A further advantage of the invention is that the magnetic field created by the flow of current through one or more induction coils 128 generates an electromagnetic stirring action in melt 136, in addition to supplying induced heat directly to the melt. This stirring action is advantageous for heating melt 136 more quickly in melting applications, and for mixing when adding alloy material to the melt, such as a steel composition, so that uniform distribution of the alloy material in the melt is obtained.
To improve the stirring action, the one or more induction coils may comprise at least three separate induction coils suitably arranged in a refractory. For heating and melting, identical (in-phase) single phase power can be supplied to each of the at least three induction coils for inductively heating material 136. For stirring of melt 136, each of the at least three induction coils can be supplied with power from a separate phase of a three-phase electrical source having phase currents that are 120 degrees out-of-phase relative to each other. The relative phase shifts generate electromagnetic fluid flow forces in melt 136 that are analogous to forces generated in a three-phase linear motor. While the three-phase operation provides less induced heating, it can provide considerable stirring action. More generally, the three phases need only to be out of phase, and not approximately 120 degrees out-of-phase to induce a stirring action. Further the electrical frequency of the ac power source may be varied to control the degree of stir agitation of the melt.
The circular arrangement of a single induction coil shown in FIG. 6 is one non-limiting example of the one or more induction coils. Coil ends T1 and T2 are connected to a suitable ac power source (not shown in the figure) located separate from the refractory embedded inductor. The one or more induction coils 128 may have any other shape in plan view including, but not limited to oval, rectangular or square. The coil shape may be selected based upon a particular application and selected materials. Further one or more induction coil 128 may consist of a single coil with one or more turns, or a multiplicity of separate coils, each with one or more turns.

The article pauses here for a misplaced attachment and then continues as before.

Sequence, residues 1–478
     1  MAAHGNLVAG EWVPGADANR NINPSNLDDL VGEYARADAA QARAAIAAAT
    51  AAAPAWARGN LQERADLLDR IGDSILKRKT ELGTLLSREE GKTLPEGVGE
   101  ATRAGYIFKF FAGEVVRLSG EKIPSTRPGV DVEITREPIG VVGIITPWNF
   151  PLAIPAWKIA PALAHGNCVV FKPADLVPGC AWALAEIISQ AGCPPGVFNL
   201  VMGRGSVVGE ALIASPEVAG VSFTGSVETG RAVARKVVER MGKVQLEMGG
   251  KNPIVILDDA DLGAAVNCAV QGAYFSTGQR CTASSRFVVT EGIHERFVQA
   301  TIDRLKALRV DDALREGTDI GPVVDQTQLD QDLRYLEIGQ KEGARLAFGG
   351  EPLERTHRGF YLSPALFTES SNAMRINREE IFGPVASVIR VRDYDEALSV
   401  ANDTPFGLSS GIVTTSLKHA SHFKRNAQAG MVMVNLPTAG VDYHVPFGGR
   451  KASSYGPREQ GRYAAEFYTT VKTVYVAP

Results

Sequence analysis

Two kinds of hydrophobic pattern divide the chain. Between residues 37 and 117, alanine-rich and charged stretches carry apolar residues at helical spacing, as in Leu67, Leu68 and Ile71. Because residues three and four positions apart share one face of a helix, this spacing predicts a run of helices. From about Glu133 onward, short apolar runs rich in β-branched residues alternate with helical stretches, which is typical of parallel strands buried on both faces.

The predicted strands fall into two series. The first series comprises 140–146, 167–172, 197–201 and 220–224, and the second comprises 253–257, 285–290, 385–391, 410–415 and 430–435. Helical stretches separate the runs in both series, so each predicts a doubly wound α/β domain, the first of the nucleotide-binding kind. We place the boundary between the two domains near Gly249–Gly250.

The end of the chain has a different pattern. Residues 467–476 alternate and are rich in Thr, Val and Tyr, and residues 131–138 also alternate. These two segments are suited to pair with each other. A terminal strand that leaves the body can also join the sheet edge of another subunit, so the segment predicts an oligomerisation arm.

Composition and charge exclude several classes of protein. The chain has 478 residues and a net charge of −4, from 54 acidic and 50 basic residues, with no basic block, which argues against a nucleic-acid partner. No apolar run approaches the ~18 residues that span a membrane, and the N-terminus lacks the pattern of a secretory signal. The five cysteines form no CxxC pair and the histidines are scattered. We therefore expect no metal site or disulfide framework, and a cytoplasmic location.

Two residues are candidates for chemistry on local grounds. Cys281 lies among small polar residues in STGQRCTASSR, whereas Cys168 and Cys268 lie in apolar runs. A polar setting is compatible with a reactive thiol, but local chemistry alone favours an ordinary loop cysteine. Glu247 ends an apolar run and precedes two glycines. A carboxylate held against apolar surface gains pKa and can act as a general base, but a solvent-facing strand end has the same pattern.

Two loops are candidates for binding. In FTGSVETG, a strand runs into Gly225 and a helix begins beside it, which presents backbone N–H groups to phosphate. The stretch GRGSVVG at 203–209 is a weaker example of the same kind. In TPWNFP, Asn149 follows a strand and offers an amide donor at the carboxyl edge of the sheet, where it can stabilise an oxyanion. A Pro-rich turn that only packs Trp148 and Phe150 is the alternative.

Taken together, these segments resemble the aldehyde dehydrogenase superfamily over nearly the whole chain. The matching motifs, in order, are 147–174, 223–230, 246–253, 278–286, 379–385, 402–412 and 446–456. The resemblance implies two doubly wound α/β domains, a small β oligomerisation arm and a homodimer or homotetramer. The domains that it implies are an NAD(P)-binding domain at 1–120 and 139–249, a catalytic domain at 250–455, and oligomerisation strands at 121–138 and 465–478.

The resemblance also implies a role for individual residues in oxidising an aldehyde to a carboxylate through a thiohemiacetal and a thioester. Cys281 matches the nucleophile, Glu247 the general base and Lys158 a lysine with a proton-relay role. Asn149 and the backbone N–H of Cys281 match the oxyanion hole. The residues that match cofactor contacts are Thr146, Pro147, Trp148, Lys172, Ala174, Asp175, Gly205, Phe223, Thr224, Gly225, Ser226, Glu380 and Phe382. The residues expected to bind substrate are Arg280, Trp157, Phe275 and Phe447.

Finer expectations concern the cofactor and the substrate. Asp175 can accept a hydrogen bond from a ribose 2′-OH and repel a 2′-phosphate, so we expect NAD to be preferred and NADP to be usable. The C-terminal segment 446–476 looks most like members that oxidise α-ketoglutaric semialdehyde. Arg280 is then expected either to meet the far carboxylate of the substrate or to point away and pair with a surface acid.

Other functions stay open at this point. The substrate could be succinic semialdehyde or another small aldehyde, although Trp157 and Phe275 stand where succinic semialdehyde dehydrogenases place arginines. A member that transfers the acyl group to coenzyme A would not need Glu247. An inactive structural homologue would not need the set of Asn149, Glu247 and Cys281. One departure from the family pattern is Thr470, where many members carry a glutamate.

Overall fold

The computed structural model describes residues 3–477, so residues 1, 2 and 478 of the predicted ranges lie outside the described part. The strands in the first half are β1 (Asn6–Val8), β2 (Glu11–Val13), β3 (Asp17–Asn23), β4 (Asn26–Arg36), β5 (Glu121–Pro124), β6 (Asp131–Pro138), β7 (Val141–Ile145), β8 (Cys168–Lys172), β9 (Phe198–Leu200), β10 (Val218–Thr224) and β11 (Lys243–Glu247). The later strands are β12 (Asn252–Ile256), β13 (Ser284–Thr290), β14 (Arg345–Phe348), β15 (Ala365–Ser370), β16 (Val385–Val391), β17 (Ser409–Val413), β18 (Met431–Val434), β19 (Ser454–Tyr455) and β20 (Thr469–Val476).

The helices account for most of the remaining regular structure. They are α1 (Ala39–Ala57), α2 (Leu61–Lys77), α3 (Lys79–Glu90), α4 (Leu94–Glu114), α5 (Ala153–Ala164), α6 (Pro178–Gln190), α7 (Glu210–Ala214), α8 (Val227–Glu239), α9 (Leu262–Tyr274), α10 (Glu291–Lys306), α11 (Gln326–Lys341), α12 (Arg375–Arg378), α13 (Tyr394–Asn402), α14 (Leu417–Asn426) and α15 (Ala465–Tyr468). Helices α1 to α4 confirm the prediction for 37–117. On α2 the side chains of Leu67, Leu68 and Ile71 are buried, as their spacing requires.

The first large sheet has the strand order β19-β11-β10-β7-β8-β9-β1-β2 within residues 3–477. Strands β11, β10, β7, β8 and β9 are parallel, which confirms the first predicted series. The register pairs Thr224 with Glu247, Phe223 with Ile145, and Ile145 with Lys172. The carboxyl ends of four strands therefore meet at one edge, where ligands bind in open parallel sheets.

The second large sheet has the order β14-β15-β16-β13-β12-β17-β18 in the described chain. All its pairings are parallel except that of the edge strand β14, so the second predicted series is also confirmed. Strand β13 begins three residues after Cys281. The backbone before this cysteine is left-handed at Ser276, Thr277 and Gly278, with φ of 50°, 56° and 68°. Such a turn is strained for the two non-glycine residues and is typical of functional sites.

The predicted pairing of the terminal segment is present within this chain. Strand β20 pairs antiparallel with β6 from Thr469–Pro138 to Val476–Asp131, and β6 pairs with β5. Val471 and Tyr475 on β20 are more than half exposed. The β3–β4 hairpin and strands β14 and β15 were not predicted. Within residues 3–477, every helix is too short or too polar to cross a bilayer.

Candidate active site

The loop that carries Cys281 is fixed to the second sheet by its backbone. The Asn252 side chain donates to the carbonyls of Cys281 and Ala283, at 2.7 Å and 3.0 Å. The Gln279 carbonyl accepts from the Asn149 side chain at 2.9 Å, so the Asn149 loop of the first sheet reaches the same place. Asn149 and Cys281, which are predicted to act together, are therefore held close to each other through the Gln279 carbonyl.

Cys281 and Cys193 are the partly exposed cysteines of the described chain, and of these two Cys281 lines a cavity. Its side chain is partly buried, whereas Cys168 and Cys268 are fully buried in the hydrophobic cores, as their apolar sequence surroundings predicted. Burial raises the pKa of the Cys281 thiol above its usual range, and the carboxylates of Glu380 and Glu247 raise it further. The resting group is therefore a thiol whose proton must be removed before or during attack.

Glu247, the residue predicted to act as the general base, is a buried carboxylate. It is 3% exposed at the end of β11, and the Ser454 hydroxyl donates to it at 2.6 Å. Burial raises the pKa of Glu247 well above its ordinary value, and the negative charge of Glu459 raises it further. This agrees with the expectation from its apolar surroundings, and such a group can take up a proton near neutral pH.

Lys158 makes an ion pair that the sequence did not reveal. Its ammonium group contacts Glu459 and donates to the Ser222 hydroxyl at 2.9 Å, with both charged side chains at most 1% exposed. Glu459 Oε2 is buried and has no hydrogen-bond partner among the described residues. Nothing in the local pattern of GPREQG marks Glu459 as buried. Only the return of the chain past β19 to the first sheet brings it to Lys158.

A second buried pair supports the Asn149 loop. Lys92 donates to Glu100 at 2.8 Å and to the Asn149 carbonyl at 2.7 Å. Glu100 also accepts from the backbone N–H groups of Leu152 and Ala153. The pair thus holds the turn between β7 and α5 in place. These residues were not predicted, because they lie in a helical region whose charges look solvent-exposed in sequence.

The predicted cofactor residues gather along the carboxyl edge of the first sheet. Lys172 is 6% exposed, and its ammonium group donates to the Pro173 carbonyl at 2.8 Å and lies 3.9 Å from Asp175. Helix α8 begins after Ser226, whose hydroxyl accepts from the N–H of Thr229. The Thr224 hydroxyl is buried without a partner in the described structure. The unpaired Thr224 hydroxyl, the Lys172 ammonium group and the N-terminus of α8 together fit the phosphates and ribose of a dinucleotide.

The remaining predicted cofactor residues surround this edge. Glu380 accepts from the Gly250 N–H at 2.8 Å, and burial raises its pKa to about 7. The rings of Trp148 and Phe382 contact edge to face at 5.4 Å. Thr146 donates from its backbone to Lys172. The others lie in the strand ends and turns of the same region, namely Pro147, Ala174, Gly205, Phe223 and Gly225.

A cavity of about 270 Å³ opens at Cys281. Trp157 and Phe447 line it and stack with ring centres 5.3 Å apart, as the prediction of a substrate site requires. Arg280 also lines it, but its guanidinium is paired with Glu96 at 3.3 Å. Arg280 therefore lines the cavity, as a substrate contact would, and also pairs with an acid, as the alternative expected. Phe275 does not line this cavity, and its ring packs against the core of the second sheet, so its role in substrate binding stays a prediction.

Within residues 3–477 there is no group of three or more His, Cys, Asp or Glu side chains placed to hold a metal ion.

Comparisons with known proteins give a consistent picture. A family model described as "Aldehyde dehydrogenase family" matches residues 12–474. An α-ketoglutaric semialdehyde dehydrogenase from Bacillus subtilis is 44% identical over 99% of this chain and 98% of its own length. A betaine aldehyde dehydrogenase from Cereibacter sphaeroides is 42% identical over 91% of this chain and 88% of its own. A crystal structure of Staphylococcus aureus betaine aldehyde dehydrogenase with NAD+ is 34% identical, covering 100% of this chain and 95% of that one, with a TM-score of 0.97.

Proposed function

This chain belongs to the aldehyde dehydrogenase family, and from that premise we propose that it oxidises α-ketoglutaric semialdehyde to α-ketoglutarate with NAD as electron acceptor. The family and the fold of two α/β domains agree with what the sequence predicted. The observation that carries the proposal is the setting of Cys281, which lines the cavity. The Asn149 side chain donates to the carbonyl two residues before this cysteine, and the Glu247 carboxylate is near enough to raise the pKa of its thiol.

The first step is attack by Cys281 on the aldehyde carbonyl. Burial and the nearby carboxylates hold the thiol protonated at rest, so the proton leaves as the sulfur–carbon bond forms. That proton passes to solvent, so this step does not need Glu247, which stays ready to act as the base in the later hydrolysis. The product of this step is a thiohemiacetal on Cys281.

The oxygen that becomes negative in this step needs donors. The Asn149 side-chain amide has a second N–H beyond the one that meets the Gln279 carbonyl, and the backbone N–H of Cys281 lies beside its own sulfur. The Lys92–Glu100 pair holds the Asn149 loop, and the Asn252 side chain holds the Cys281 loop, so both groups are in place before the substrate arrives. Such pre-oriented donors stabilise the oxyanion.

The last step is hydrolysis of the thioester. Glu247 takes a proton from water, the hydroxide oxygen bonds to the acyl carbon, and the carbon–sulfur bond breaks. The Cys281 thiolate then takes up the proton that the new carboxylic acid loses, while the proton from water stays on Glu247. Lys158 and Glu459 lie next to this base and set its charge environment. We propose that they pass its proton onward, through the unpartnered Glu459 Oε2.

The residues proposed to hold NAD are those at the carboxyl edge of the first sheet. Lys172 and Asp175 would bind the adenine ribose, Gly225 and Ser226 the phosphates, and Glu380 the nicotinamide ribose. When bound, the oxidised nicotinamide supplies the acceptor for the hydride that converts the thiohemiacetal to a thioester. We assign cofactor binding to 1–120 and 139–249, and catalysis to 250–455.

Further the one or more induction coils 128 may comprise a combination of active and passive coils wherein one or more active coils are each connected to an ac power source located separate from the refractory embedded inductor, and each of the one or more passive coils are connected to a capacitive element located separate from the refractory embedded inductor. When ac current flows through the one or more active coils, a primary magnetic field that couples with the one or more passive coils to induce current flows in the one or more passive coil circuits that generates a secondary magnetic field. Both the primary and secondary magnetic fields result in flux linking with material 136 in the vessel to inductively heat and melt the material.
The present invention may be embodied in other specific forms without departing from the essential attributes thereof and, accordingly, reference should be made to the appended claims, rather than to the foregoing specification, as indicating the scope of the invention. The above examples of the invention have been provided merely for the purpose of explanation, and are in no way to be construed as limiting of the present invention. While the invention has been described with reference to various embodiments, the words used herein are words of description and illustration, rather than words of limitations. Although the invention has been described herein with reference to particular means, materials and embodiments, the invention is not intended to be limited to the particulars disclosed herein; rather, the invention extends to all functionally equivalent structures, methods and uses. Those skilled in the art, having the benefit of the teachings of this specification, may effect numerous modifications thereto, and changes may be made without departing from the scope of the invention in its aspects.
Patent applications by John H. Mortimer, Little Egg Harbor Township, NJ US
Patent applications in class With inductor support
Patent applications in all subclasses With inductor support